Resale value is possibly the third most important aspect of buying a new car besides the original sale price and the overall maintenance and upkeep of the vehicle.
Having a car with strong resale value and good demand in the used car market ensures that the current owner can sell his/her vehicle promptly down the line.
Some cars retain value better than others, hence there's always a timely spot in the car's lifespan for when an owner should sell his/her car, to not lose too much on depreciation, and vice versa, the best time for someone who is looking for a used car should pull the trigger to purchase their next ride.
Up until now, it's been hard for most people to ascertain the average used value for vehicles since the sale price of a used vehicle is dependent on a variety of factors, i.e: overall condition, mechanical soundness, variant type and accessories, location, and overall demand.
However, now with the resources of our in-house developed iCarData, we can collate data from literally thousands of used vehicle deals, pinpoint our search down to a single model or variant and observe market trends, and overall demand over a number of years and across geographical locations.
These algorithm-based data take the guesswork out of vehicle depreciation and help customers make better-informed purchase decisions.
In this report, we will be looking at the popular (NCP150) Toyota Vios which was first introduced in Malaysia in 2013. We have taken into account the following to keep our numbers accurate and representative.
- Vehicle variant: (NCP150) Toyota Vios "G Variant" (AT) delivered in 2013.
- Depreciation is calculated using the original list price of RM85,500.00
- Depreciation percentage does not take into account special/seasonal offers or rebates on the original selling price.
- The G Variant is used as its the second-highest spec in the range (before the TRD Sportivo variant), and a volume seller which offers a wider spread of data points across the market.
Here's the summarized data for depreciation:
And the graphical analysis below:
- Blue line: Average selling price (RM) by year
- Grey line: Cumulative depreciation (RM) by year
- Orange line: Retained value percentage by year
From the graph above, we see the highest rates of depreciation in the first and second years of the car's lifespan.
Note that the slight spike in resale value in 2015 could be due to release of the updated 2015 Vios, which carried an RM4k premium over the 2013 model, hence used car prices may have increased slightly, as a response.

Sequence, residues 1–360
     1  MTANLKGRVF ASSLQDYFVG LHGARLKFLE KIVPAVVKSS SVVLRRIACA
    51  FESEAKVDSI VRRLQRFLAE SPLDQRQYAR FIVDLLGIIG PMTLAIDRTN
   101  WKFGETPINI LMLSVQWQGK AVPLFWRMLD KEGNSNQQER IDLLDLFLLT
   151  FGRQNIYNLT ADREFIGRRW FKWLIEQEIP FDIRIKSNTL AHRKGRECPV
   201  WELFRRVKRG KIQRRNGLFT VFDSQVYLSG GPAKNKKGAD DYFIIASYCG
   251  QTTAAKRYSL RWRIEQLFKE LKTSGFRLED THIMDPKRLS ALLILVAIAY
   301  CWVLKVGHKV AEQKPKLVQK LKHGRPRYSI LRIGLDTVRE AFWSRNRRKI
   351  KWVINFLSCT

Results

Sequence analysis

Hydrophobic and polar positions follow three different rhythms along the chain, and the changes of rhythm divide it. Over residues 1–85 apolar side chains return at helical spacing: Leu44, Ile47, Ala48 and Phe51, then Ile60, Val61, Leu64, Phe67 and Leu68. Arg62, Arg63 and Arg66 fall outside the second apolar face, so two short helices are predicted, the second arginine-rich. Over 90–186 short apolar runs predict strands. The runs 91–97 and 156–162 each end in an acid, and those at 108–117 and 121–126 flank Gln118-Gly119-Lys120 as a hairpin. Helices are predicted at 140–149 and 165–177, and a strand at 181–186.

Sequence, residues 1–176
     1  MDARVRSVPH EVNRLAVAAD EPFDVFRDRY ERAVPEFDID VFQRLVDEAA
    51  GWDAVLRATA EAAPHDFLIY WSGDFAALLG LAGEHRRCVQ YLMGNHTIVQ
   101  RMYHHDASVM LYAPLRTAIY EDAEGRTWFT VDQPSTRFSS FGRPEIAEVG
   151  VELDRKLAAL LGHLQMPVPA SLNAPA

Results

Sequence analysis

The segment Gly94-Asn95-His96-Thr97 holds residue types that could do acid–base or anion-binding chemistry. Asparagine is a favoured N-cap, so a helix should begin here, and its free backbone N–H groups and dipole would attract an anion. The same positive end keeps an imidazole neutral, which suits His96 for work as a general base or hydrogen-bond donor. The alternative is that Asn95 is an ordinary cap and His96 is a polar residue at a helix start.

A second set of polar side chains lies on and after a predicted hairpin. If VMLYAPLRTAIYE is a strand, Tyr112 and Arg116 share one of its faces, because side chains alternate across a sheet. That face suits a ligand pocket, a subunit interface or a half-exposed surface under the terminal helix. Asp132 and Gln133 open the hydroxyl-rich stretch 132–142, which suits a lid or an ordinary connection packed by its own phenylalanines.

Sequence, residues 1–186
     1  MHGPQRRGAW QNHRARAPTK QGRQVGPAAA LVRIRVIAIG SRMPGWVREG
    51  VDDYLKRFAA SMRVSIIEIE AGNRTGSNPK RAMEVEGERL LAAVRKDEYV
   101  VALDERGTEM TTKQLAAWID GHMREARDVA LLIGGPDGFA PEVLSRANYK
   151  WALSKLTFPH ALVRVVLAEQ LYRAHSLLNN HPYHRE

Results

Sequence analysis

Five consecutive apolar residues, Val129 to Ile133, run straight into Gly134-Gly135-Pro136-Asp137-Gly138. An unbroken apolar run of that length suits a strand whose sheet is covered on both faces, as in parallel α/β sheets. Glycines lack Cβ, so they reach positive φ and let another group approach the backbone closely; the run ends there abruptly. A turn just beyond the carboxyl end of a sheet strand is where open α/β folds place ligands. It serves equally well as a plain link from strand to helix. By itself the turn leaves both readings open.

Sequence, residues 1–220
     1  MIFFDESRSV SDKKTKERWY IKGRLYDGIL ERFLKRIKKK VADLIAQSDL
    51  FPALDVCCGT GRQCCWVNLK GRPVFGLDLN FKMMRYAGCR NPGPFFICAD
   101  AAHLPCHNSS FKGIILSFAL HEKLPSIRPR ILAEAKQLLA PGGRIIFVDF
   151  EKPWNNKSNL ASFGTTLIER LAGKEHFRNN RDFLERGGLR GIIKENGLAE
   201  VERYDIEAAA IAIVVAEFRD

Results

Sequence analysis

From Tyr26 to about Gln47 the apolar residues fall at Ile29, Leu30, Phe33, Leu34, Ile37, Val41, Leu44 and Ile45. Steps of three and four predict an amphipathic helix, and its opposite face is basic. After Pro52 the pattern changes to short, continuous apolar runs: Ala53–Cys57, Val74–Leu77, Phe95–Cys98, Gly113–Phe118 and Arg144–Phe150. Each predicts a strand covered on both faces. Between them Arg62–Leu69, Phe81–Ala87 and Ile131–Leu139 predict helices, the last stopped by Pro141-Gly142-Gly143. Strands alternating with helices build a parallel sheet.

2016 sees another dip in used prices due to comprehensive model revamp which saw the NCP 150 Vios receive the new 2NR-FE engine and Stability Control across the model lineup. This could explain a slight drop in demand for the older models, and hence selling prices.
Depreciation tends to plateau during the fourth and fifth years and settles in at around 57 percent of the original value. Looking further down the curve, we find that a 2013 model Vios will be valued at approximately RM45k in its sixth year, or around 51 percent original price retention.
From this, we can infer, that the best time for an owner to sell his/her Vios will be in the sixth year of ownership. This because the cumulative depreciation closely approaches that of the retained value sum, any later, and the cumulative depreciation supersedes the former and sellers would recoup less money for their next vehicle purchase. Also, it is wise to retain ownership of the vehicle throughout the course of the manufacturer warranty.
Inversely, the best time for a used car buyer to snap up the Vios would be in the fourth year of its lifespan. This is to take full advantage of the slowing depreciation; buying a used Vios in the fourth year of its lifespan means the used buyer is getting the best deal/ age of car ratio.
For some great deals on the Toyota Vios (NCP150), click here.
If you're looking to sell your Vios, we have two solutions for you too. List in on carlist.my or better still use Carlist Bid where we remove all the hassle of selling your car for you as you get searching for your next upgrade.
Which make/ model would you like us to research next? Let us know in the comments.